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Shamorie Ponds scores 22 points as St. John’s beats Nebraska

Tariq Owens and Shamorie Ponds of St. John's

Tariq Owens and Shamorie Ponds of St. John's celebrate  against Nebraska at Carnesecca Arena on Thursday, Nov. 16, 2017.  Credit: Steven Ryan

St. John’s got its first “measuring stick” game on Thursday night and stood tall.

After cruising past New Orleans and Central Connecticut — a pair of teams from one-bid conferences — the Red Storm met Nebraska of the Big Ten and rose to the occasion. St. John’s grabbed an early lead, built it up before halftime, pulled away in the second half and punctuated a 79-56 victory with a series of acrobatic dunks before 4,652 at Carnesecca Arena.

The joint was rocking as the Red Storm sealed it with three highlight-reel dunks: a Shamorie Ponds-to-Bashir Ahmed alley-oop, Ponds throwing an assist off the backboard for Justin Simon’s stuff and Simon making a steal for a breakaway slam.

The Cornhuskers may not rank among the elite in their conference, but they have the kind of size and physicality that St. John’s must handle in order to be successful in the Big East and return to the national conversation for the first time since 2015.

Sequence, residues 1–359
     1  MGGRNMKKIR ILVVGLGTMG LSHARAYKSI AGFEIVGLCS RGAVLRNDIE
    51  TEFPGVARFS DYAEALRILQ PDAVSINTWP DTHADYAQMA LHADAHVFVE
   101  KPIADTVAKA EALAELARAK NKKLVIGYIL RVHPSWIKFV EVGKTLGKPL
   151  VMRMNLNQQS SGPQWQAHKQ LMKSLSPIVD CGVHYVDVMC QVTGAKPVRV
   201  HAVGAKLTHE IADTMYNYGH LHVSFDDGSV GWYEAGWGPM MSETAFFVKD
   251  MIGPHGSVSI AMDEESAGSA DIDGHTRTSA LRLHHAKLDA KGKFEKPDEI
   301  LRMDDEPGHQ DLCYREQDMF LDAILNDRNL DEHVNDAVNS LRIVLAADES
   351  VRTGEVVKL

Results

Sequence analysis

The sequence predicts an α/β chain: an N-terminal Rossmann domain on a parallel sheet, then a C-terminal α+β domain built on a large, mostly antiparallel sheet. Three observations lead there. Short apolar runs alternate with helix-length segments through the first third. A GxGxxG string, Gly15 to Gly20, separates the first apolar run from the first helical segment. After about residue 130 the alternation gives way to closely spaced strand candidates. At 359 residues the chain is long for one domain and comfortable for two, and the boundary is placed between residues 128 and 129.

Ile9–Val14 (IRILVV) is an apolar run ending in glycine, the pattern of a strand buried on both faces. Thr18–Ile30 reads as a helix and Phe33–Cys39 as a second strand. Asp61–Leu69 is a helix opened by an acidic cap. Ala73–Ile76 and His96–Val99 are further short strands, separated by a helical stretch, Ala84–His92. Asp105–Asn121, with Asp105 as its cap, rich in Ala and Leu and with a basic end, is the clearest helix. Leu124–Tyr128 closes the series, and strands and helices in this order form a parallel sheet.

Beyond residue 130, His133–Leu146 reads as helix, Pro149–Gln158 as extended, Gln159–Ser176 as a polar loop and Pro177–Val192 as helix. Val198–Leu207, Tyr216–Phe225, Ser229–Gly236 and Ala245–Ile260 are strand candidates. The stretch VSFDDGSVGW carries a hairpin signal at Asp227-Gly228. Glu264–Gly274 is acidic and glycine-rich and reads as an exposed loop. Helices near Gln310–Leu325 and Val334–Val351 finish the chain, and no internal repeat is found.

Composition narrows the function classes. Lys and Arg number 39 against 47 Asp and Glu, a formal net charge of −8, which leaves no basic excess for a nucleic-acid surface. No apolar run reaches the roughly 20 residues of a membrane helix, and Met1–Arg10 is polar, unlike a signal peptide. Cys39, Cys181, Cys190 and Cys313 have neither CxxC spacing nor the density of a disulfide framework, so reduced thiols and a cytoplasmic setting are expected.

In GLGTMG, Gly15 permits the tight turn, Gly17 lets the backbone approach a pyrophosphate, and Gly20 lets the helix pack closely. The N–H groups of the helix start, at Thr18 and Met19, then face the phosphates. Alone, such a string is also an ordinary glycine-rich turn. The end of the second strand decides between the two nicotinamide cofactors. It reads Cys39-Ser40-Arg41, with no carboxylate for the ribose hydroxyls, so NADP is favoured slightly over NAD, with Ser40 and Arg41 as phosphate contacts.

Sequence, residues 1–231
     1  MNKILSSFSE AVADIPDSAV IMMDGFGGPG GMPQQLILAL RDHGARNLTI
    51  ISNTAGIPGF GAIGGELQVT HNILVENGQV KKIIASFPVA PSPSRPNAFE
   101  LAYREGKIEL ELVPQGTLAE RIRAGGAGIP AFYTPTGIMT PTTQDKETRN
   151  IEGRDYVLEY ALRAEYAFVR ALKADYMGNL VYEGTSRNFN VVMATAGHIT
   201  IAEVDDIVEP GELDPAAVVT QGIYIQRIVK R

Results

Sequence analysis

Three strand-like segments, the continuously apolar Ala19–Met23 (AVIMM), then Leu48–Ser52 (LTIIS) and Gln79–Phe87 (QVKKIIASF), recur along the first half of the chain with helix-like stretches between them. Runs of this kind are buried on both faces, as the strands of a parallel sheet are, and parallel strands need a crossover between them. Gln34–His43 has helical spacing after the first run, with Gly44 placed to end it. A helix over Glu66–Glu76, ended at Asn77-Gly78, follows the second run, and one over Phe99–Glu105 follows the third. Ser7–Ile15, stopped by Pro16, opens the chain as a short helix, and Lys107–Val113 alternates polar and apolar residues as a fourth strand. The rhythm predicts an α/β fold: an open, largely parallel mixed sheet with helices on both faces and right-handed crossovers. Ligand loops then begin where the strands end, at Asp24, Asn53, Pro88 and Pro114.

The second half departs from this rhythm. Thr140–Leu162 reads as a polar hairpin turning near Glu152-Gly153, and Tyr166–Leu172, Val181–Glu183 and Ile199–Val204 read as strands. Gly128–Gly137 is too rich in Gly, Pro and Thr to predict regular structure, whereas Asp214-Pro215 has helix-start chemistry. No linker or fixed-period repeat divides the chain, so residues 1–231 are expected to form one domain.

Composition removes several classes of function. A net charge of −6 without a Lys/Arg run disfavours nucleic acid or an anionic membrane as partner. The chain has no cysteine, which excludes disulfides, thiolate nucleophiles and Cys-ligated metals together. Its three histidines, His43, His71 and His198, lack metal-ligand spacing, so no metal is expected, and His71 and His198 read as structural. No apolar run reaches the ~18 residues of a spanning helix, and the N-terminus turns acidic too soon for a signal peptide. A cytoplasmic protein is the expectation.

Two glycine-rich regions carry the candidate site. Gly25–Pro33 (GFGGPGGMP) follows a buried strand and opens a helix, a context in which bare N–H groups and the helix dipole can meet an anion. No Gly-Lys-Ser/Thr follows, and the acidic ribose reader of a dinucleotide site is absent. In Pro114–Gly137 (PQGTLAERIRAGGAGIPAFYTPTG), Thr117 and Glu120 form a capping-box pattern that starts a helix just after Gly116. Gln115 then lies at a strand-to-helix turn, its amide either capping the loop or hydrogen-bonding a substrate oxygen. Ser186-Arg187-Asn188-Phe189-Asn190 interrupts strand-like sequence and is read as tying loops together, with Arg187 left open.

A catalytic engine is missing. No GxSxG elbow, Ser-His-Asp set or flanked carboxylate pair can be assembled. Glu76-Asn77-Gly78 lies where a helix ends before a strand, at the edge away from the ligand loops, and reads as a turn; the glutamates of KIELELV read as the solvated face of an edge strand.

The Storm didn’t have its usual dynamic offensive game but handled it impressively with superior quickness and athleticism producing a great performance on defense and on the boards. St. John’s held Nebraska to 28 percent shooting and had a 50-39 rebounding advantage.

Coach Chris Mullin saw it as a potential breakthrough. “We know what we have to do. Tonight they believe it more [because of] their actions,” he said. “I don’t know if we win a game like this last year the way we shot — I don’t know if our defense was at that level. I’m not quite sure it was there a week ago. You can drill, but they have to prove it to themselves. Playing in a close game, your coach can tell you all he wants, but you make that free throw and it proves it to yourself.”

The impact was immediate. Asked about the way St. John’s won the boards, guard Marcus LoVett replied, “Teams are going to have to prepare for us — we can do that. They are going to have to keep watching out for us to rebound because we know we can do that now.”

Ponds had 22 points, seven rebounds and five assists. Ahmed scored 15 points, LoVett had 14 and Simon had 13 points and 12 rebounds for the Storm (3-0). Tariq Owens added six points, nine rebounds and six blocks in 24 minutes off the bench.

James Palmer Jr. scored 13 for Nebraska (2-1).

Ponds and Ahmed had four each in a 12-2 burst for a 62-43 lead near the midway point of the second half. The dunkfest came in the last 3:08. “If they play defense with energy . . . then I think you’ll see offensively some high-level stuff,” Mullin said.

But the thing he hopes stays with his group is how they played great team defense.

“Tonight was the first time I felt like they knew what they were doing,” he said. “We drilled them, talked about it . . . but they looked like they were on a string together. It’s the best defense I’ve seen.”

New York Sports